by Kirk P. Watson University of Houston Hobby School of Public Affairs
Kirk P. Watson is dean of the Hobby School of Public Affairs at the University of Houston. He is a former state senator and mayor of Austin.
“Right now, arguably more than ever, our communities need these trailblazers who are unafraid of tough challenges.”
Some people are driven by a desire to do good for communities of all kinds. Public policy — as an education and a career — helps quench this need to serve.
Right now, arguably more than ever, our communities need these trailblazers who are unafraid of tough challenges. We are emerging from the global pandemic, still recovering from the winter power crisis and battling racial injustice. We are hungry for a new generation of leaders in government agencies, nonprofits, foundations and private companies who can navigate the social and technical challenges around these issues to make our society stronger and more equitable.
To cultivate these future leaders, the Hobby School of Public Affairs at the University of Houston will launch two new undergraduate degree programs in January 2022, complementing our graduate degree offerings in public policy.
As an educator and former policymaker, I know students have many choices about what to study. There are different paths to meet their personal and professional needs, generate knowledge and help their communities and the world.
Among these options in our increasingly complex world, the study of public policy is unique and vital. It helps communities address the challenges we face now and will face in coming years.
Many of the big questions have public policy answers. Those include traditional political questions around issues like health care and education, of course. But they also include new private-sector dilemmas, like aligning organizations and brands with a fast-changing political landscape.
“More and more of the big questions have public policy answers.”
As the largest research university in Texas to offer bachelor’s degrees in public policy, the University of Houston aspires to help meet this need. The Hobby School team designed the program toempower students with the tools and skills they will need to understand and shape policy. Key to these are the principles, laws, regulatory measures and priorities of governmental bodies.
Inside the classroom, the coursework will be rooted in areas of greatest need for policy makers: ethics, communications, leadership and writing. It will blend social sciences, history, and both qualitative and quantitative analysis to develop critical thinking and help Hobby School students challenge conventional wisdom.
Outside the classroom, our students will work in internships and fellowships — everywhere from local, national and international agencies to community-based organizations in the public and private sectors. We will build on UH’s existing partnerships, giving outside employers the perspective and presence needed to tackle our community’s challenges — and equipping our students with the experience and exposure needed to find bold solutions.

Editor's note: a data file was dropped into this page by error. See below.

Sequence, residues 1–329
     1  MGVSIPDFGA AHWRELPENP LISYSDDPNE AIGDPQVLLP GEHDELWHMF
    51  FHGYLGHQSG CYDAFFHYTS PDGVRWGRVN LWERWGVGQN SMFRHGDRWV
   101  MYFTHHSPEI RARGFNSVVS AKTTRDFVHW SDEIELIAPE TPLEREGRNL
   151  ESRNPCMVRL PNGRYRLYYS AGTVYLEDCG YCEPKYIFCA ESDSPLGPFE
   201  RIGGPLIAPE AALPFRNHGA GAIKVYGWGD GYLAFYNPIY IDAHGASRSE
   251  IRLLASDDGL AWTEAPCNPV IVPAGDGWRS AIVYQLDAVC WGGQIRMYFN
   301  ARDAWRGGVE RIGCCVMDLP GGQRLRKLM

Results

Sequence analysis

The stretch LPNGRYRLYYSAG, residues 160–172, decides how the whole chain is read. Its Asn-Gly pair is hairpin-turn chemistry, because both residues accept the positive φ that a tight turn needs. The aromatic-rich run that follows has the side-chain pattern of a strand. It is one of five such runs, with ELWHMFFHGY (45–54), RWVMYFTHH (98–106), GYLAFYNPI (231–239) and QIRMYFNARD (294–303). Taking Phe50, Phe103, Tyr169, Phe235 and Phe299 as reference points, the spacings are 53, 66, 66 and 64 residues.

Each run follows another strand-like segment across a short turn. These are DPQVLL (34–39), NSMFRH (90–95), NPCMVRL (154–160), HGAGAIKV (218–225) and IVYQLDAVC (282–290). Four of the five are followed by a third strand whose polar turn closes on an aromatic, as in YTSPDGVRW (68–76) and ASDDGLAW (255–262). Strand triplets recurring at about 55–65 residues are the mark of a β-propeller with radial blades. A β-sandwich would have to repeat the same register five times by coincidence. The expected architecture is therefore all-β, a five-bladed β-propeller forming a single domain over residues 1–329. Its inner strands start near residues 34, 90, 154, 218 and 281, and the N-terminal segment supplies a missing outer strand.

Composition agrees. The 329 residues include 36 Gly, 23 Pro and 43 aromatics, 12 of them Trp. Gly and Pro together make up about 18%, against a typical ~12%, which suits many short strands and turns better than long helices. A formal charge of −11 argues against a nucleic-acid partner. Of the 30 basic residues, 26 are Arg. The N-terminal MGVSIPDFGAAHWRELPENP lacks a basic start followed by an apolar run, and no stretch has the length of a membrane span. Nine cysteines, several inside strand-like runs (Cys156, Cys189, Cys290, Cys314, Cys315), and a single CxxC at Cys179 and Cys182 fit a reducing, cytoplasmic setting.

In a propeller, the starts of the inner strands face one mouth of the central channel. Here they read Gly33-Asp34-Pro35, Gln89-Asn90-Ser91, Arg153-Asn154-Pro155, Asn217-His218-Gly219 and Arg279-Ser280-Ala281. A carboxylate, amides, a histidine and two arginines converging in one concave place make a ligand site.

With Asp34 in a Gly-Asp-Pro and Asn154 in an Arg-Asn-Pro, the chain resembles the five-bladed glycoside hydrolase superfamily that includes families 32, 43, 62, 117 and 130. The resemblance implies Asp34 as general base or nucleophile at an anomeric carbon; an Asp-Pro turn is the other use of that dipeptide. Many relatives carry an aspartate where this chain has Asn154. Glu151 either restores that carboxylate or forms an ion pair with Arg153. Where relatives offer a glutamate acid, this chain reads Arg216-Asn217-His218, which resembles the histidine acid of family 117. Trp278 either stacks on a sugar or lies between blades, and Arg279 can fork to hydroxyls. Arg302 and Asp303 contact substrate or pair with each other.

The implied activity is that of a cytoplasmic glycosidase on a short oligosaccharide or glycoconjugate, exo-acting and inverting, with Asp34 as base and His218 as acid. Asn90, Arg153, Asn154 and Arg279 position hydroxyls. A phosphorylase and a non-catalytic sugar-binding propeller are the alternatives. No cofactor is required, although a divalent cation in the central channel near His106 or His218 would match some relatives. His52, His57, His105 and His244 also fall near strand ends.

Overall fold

Our students’ classroom and laboratory will be Houston itself: the fourth largest city in the nation, the energy capital of the world and one of the most diverse places on Earth.
Our location has helped the Hobby School draw world-class faculty with decades of experience teaching students, conducting research, shaping policy and leading major agencies and organizations.
As a former mayor of Austin and a state senator, I’ve marveled for decades at Houston’s unparalleled contributions to Texas’ economy and culture. The past year as the Hobby School’s dean has given me an even deeper understanding of the opportunities Houston offers; I want our students to leverage them. Public policy decisions made here drive the quality of life and affect millions of people every day.
For our programs, we will recruit top high school graduates who have demonstrated leadership in their communities, as well as transfer and community college students and those who have overcome obstacles in life to make it to college. Their perspectives will be vital to developing sound, equitable and compassionate public policy.
Hobby School students will become city managers, mayors, senators and governors; business executives and corporate leaders; and policy analysts, research associates, government affairs managers and public relations specialists. They will infuse organizations and agencies with leadership and perspective. They will drive Texas forward.
This is not a path for the faint of heart. But it is a path that will help Texas overcome its challenges at a crucial moment in history. And it’s one that Hobby School students will be uniquely prepared to forge.